For the next couple weeks we’re going to be looking at how writing assessments are understood in part based on models, frames, and narratives (generically, I’ll use Adler-Kassner and O’Neill’s term “frames” from this point on). Our readings for today pointing us to a number of frames that help us understand how assessments function (e.g., ecologies from Wardle and Roozen, generative practices from Condon, internetworks from Penrod, the value of the local from Huot, etc.). Next week we’ll look at similar frames for understanding digital technologies.
Today I’d like us to explore some of the most common frames around education and testing in our specific cultural context. Where do these frames come from? Who is invested in them? Why? What are the counter narratives?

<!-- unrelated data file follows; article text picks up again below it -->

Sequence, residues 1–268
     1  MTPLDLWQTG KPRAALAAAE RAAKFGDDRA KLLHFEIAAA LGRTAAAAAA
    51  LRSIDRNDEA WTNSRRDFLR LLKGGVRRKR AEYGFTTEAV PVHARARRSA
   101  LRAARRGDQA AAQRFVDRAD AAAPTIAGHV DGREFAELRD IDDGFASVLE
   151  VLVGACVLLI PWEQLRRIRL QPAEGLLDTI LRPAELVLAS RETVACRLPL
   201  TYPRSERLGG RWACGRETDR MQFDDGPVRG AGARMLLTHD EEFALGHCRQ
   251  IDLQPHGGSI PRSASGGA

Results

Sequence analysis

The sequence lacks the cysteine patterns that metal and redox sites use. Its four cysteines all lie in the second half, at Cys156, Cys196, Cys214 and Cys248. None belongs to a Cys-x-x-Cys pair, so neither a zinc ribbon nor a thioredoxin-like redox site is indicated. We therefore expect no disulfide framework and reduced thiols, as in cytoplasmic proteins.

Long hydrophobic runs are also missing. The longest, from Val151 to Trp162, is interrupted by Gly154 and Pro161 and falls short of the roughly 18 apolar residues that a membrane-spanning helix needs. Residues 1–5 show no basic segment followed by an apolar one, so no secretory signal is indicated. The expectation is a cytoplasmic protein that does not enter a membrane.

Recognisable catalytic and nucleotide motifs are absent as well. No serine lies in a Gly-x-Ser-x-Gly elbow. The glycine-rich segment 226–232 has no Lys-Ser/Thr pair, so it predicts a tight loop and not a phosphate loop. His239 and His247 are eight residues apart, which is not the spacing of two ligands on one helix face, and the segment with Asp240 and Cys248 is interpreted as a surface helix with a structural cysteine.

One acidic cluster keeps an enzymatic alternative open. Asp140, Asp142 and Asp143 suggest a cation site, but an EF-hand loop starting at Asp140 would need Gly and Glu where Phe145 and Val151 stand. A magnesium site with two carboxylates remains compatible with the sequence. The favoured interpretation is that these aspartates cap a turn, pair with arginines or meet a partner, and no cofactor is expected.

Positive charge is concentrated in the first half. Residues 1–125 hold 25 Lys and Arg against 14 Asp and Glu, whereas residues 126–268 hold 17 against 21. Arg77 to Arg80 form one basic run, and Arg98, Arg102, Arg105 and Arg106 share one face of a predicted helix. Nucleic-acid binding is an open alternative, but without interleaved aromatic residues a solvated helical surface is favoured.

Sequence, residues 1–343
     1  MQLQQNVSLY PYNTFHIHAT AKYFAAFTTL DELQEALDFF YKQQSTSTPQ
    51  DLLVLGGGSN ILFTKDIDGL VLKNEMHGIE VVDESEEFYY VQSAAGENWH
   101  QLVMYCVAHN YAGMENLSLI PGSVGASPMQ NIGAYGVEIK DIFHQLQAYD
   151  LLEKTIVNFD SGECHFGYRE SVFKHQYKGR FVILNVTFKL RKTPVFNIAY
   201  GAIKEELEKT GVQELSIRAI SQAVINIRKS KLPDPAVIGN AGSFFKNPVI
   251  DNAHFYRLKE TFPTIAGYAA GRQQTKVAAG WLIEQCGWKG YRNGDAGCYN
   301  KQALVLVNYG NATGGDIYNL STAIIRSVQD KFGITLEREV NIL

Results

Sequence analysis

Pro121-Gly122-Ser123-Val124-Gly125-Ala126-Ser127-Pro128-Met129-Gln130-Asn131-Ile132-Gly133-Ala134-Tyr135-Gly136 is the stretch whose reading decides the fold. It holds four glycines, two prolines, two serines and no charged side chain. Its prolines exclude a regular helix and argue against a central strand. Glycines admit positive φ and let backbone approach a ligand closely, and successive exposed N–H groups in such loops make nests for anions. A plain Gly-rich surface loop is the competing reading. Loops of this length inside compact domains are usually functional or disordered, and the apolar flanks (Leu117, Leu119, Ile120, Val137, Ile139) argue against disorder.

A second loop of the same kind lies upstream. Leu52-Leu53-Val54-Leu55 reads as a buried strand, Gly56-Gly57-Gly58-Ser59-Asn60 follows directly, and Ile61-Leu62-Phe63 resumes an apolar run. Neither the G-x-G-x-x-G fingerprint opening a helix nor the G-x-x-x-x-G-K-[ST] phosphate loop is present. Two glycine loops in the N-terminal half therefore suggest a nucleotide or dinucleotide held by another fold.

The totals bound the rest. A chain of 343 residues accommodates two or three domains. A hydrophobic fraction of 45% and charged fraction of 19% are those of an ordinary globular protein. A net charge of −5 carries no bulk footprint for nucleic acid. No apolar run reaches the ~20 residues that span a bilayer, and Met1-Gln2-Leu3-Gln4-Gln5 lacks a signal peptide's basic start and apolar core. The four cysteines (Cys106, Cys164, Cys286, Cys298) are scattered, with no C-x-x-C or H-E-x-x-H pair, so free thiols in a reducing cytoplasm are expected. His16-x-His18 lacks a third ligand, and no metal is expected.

I’ll provide an easy on about education writ large:
First, “Waiting for Superman,” a documentary that suggests a narrative that the problem with education is that teachers, because of strong unions, can’t be fired, and thus good students are disadvantaged by bad teaching. The solution: get rid of unions and “the bottom tier” of teachers; more standardized tests to determine who to fire and which schools to shut down; more charter schools.
Contrast this to a video released by teachers attempting to provide a counter-narrative to “Waiting for Superman.”
Battles such as these revolve more around who gets to frame the problems and provide the narrative far more than they are about the solutions, which are almost inevitable once you establish the frame.
Find other frames and narratives about education and testing and provide them as a “comment” to this post.
Final, we’ll employ Huot’s framework (pp. 87, 99) of procedures, purposes, and assumptions to think about how we might understand the assessment theory behind these frames.